As shown in FIGS. 7-10, the longitudinal threads 28 are generally at 90-degree angles (transverse) to the transverse fibers 32. In some embodiments, the longitudinal threads 28 may be at 45-degree angles to the transverse fibers 32, or some angle between 45-degrees and 90-degrees. In a 45-degree fiber orientation, the longitudinal threads 28 tend to be loaded in tension along with the transverse fibers 32.

In some embodiments, the transverse fibers 32 and longitudinal threads 28 may be spaced anywhere from over 1 inch apart to less than 1/32 inches apart so long as the spacing is sufficient to allow adhesive to flow between the fibers 102, 104, discussed herein. The rigidified fiber mesh tape 20 has a roughened surface 38 exposed or produced upon removal of a cover sheet 24, as will be discussed in detail herein. In some embodiments, the transverse fibers 32 and/or the longitudinal thread 28 are made of pre-cured carbon, although any material providing flexibility and tensional strength may be used. Moreover, transverse fibers 32 and longitudinal threads 28 may be of different materials. For example, transverse fibers 32 may be Kevlar or bundles of Kevlar and longitudinal threads 28 may be a nylon or a nylon blend. Other examples of transverse fibers 32 include carbon fibers, poly-parapheneylene tetraphthalamide, para-aramid nylon, aramid fiber, aromatic polyamide, and combinations thereof. In some embodiments, transverse fibers can be in bundles or individual fibers. Other examples of longitudinal threads 28 can include nylon, polyester, polypropylene, nomex, cotton, carbon fibers, poly-parapheneylene tetraphthalamide, para-aramid nylon, aramid fiber, aromatic polyamide, and combinations thereof.

In some embodiments as shown in FIG. 9, the adhesive material 26 (discussed above) is applied to the first surface 36 of the rigidified fiber mesh tape 20 and a thin layer or at least some of the adhesive material 26 remains on the surface 36 of the rigidified fiber mesh tape 20. It should be noted that the openings between the transverse fibers 32 and longitudinal threads 28 remain unobstructed.

As discussed herein, to provide a strong bond between the rigidified fiber mesh tape 20, it is important to have the surface of the rigidified fiber mesh tape 20 clean and roughed. In order to keep the surface clean and provide a roughened surface, over the layer of adhesive material 26, on the surface 36 (and optionally on the surface 38), is applied a flexible cover sheet 30 of impermeable sheet or film comprising textile, nylon, a polymeric or plastic material. The side of the cover sheet 30 in contact with the adhesive material 26 preferably exhibits a texture, such as a woven texture surface 39. The carbon fiber 13 or rigidified fiber mesh tape 20, with the adhesive material 26 and the cover sheet 30 applied, are subject to high temperature and pressure, via known techniques, allowing the adhesive material 26 to cure. Once the adhesive material 26 has cured, the result is a rigid carbon fiber sheet or rigidified fiber mesh tape 20 having a removable cover sheet 30 covering one or both surfaces thereof. This rigid carbon fiber sheet or rigidified fiber mesh tape 20 may then be cut or sawn into the desired sizes. In this form, the rigidified fiber mesh tape 20 can be stored and/or shipped to a job site for use. With the rigidified fiber mesh tape 20, the resin applied during the manufacture of the open fabric tends to fill the window between the mesh. When the textured cover sheet is removed, these windows remain adhered to the cover sheet and leave the openings clear. Thus, the cover sheet provides both a roughened surface, but also open windows.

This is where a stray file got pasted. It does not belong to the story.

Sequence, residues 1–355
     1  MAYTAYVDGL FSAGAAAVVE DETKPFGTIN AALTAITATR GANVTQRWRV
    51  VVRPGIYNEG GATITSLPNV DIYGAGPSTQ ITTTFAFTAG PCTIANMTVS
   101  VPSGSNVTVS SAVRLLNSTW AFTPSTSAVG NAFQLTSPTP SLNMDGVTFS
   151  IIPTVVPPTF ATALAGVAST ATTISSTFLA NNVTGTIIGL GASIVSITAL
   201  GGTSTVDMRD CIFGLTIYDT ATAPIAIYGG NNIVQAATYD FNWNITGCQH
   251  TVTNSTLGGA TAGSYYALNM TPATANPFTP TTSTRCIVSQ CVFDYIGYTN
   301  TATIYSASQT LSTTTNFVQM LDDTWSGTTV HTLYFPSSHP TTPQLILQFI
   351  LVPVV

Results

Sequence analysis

At the job site, the cover sheet 30 prevents dirt, grease and other debris from coming into contact with the rigidified fiber mesh tape 20. Immediately prior to use, the cover sheet 30 is removed, or more accurately peeled away, from the surface 36 of the carbon fiber strip or rigidified fiber mesh tape 20 leaving exposed a clean roughened surface 38. This roughened surface 38 is a result of at least two factors, individually or in combination. First, the textured surface 39 of the cover sheet 30 causes an impression to be formed in the adhesive material 26 on the surface 36 as it cures. Second, as the cover sheet 30 is removed from the mesh tape 20, some of the adhesive material 26 remains adhered to the plastic sheet 30 and breaks away from the rigidified fiber mesh tape 20.